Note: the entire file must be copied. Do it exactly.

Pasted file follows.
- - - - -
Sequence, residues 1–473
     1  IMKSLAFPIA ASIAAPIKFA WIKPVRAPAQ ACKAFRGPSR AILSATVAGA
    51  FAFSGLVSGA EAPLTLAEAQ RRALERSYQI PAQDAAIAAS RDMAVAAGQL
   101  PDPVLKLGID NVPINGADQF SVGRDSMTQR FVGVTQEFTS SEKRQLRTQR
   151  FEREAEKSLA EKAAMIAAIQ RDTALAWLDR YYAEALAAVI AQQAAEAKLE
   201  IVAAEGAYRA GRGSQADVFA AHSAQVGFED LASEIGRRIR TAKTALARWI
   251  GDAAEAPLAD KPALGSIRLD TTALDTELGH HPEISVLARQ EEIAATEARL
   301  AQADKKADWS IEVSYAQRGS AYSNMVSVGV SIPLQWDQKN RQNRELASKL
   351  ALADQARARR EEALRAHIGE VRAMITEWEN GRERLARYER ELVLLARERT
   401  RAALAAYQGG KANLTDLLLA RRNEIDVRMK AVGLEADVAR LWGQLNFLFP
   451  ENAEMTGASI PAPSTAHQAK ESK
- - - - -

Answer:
Sequence, residues 1–473
     1  IMKSLAFPIA ASIAAPIKFA WIKPVRAPAQ ACKAFRGPSR AILSATVAGA
    51  FAFSGLVSGA EAPLTLAEAQ RRALERSYQI PAQDAAIAAS RDMAVAAGQL
   101  PDPVLKLGID NVPINGADQF SVGRDSMTQR FVGVTQEFTS SEKRQLRTQR
   151  FEREAEKSLA EKAAMIAAIQ RDTALAWLDR YYAEALAAVI AQQAAEAKLE
   201  IVAAEGAYRA GRGSQADVFA AHSAQVGFED LASEIGRRIR TAKTALARWI
   251  GDAAEAPLAD KPALGSIRLD TTALDTELGH HPEISVLARQ EEIAATEARL
   301  AQADKKADWS IEVSYAQRGS AYSNMVSVGV SIPLQWDQKN RQNRELASKL
   351  ALADQARARR EEALRAHIGE VRAMITEWEN GRERLARYER ELVLLARERT
   401  RAALAAYQGG KANLTDLLLA RRNEIDVRMK AVGLEADVAR LWGQLNFLFP
   451  ENAEMTGASI PAPSTAHQAK ESK